Awards Show Ratings Losing Luster: Grammy Edition

Awards Shows Losing Luster
Cheyne Gateley/VIP

With the Grammy Awards set for this Sunday, hopes are high at the Recording Academy that February’s Golden Globes ceremony wasn’t a bad omen.

Ratings for the Globes telecast plummeted 62% versus 2020 last month, escalating what has become a perennial concern for awards shows of all kinds across TV in the U.S. throughout the year. As VIP data demonstrates, audience levels from one of TVs biggest nights — the Academy Awards — to more obscure franchises, like the People’s Choice Awards, have been slipping steadily for quite some time. And the Globes may be the most alarming sign yet that the trend could continue to accelerate in the pandemic era.

Linear TV overall has seen viewing declines mount as the dual forces of cord-cutting and streaming increase, and awards shows don’t seem to be immune. That’s cause for concern to rights holders and TV networks that used to rely on these shows to generate big audiences and strong advertiser interest.

VIP analyzed the total audiences for 19 awards shows from 2016 to date and found there has not been a year in that time when awards shows on average increased their audience. 2017 saw a decline of -1.5%, jumping to -17.7% in 2018 and a modest decline from that of -1% in 2019.

2020 was already shaping up to be a year with steep awards show viewership declines. The average audience dip for the five that took place last year before COVID — SAGs, Critics’ Choice, Golden Globes, Grammy Awards and the Oscars — was -11.7%. Then came the pandemic.

It has gotten much worse. The average rate of decline for the 12 awards shows during the pandemic was -37.6% versus the prior year’s ceremony, an increase of 221% on the pre-pandemic decline rate.

This average rate of decline was calculated by comparing the awards shows taking place during the pandemic against the most recent pre-pandemic ceremonies. The individual audience changes for each show taking place during the pandemic are shown below.


This average masks some truly shocking declines, led by the 2021 Golden Globes, which saw a jaw-dropping fall of -62.3% versus 2020’s audience — a loss of 11.4 million viewers. Only the Critics’ Choice TV Awards topped this, with a decline of -69.4% (-828,000 viewers) for the ceremony that took place March 7 on the CW.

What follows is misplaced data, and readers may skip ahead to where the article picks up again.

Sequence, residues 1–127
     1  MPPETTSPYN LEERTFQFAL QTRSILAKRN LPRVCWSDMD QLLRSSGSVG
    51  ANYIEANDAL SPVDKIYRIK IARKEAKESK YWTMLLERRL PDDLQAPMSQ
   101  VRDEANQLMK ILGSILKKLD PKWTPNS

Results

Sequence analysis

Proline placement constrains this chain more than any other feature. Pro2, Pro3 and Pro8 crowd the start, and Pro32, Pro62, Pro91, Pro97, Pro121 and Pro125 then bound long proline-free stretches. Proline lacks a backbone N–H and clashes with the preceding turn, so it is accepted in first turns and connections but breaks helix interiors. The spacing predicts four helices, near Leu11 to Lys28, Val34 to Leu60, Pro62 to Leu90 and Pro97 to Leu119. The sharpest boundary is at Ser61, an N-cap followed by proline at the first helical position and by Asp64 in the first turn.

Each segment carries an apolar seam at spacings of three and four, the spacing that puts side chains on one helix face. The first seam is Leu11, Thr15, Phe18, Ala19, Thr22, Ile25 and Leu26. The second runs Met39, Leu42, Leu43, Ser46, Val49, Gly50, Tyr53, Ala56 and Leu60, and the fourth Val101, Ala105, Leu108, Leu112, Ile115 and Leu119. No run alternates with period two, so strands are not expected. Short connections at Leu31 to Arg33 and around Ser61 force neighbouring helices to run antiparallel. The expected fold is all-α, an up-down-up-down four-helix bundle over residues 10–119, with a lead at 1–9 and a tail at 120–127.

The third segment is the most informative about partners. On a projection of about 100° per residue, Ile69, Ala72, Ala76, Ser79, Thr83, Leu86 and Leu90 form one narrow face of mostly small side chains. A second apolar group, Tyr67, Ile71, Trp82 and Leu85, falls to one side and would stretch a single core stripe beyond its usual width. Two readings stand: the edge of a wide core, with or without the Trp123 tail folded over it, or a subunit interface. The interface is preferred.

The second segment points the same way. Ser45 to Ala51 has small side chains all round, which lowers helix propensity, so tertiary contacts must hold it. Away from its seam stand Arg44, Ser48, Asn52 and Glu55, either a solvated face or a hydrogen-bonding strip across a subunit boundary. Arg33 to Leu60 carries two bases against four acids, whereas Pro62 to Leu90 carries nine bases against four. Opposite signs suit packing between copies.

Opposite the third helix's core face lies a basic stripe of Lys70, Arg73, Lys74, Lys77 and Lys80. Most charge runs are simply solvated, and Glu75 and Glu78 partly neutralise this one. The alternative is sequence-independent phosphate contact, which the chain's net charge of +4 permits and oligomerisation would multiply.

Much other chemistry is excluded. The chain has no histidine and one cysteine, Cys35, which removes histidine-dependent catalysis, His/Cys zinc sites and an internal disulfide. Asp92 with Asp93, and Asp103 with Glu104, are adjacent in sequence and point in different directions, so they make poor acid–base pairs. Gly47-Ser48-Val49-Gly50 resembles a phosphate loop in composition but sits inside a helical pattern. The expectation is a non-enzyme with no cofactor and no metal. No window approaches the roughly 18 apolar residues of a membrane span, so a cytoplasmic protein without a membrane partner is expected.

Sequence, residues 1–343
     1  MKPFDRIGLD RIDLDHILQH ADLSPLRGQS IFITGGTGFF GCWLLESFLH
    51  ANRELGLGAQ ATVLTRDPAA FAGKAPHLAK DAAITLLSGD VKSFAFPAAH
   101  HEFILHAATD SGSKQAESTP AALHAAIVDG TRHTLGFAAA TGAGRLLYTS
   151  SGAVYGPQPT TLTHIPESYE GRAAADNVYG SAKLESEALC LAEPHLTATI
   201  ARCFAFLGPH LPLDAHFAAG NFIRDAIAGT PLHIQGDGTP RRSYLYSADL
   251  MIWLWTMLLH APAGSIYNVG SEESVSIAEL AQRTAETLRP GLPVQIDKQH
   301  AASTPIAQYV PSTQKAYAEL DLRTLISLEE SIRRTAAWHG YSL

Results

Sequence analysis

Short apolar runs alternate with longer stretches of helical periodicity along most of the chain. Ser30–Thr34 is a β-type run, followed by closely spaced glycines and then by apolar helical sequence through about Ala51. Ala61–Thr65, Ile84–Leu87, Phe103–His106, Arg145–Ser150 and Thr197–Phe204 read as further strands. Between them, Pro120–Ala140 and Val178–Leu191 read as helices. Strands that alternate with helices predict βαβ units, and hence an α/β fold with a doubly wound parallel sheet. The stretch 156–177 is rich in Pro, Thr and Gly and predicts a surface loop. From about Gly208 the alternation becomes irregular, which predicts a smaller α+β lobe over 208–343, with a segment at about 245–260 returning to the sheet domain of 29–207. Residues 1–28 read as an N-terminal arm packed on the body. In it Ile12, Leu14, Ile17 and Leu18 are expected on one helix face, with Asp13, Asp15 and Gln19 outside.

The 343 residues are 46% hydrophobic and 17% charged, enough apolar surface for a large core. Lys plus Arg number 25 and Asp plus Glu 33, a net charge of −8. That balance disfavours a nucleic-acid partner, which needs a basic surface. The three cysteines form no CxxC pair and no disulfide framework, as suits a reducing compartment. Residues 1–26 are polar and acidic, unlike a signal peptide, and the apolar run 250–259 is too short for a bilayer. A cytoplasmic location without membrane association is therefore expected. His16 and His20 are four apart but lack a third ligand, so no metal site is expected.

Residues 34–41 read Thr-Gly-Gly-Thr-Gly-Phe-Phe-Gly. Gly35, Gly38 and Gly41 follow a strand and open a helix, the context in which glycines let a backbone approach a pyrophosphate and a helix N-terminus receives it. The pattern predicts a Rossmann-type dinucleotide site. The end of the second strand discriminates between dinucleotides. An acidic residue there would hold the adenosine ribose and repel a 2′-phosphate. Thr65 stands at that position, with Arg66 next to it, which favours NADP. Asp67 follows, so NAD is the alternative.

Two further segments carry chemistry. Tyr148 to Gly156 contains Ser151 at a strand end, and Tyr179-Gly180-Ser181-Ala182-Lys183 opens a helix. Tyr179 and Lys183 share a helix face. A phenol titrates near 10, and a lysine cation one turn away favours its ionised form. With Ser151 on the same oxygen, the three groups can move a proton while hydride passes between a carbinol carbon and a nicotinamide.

This brings us to the 2021 Grammys, taking place on March 14. Recent viewership has fallen more gently since the big decline seen in 2018 (-24%, or 6.3 million viewers, versus 2017). The 2020 awards saw a -6% audience fall versus 2019, down by 1.2 million viewers to 18.7 million.

Current trends suggest this will not be the case in 2021, with the big audience question being, How much does it drop? Applying the overall rate of decline awards shows have seen during the pandemic suggests an audience decline of 7 million, down to 11.7M.

A worst-case scenario would be for an audience decline to mirror the implosion had by the Globes, which would see viewership plunge by 11.7 million viewers to a total of 7 million. It’s likely the actual audience will be somewhere in between this range, but it looks to be a steep anticipated fall.

The decline has also impacted the awards shows airing on Telemundo and Univision. Prior to the pandemic, Hispanic awards were on a positive trajectory, with audiences up by 12.9% in 2019. The pandemic put an end to that, with the two ceremonies taking place in 2020 down an average of -35.6%.

It’s not just awards shows that have been hit by audience declines. As detailed in VIP’s “Sports’ New TV Formula” special report, the majority of championships for major sports in the U.S. saw big audience declines during the pandemic, with the NHL feeling the worst of it, with a Globes-esque decline of -61.9% versus the prior season.

This points to a change in overall viewing behavior. When the pandemic hit, live sports and new episodes of scripted shows quickly came off the air, with streaming seeing tremendous increases in year-over-year growth.

While the rate declined as the country began to open for the first time in the summer, streaming remained considerably above pre-pandemic levels. Consumers grew accustomed to the perks streaming offers the viewing experience, and some have not returned to live TV. On the face of things, some never will, with the shrinking awards show audiences looking to be the new normal.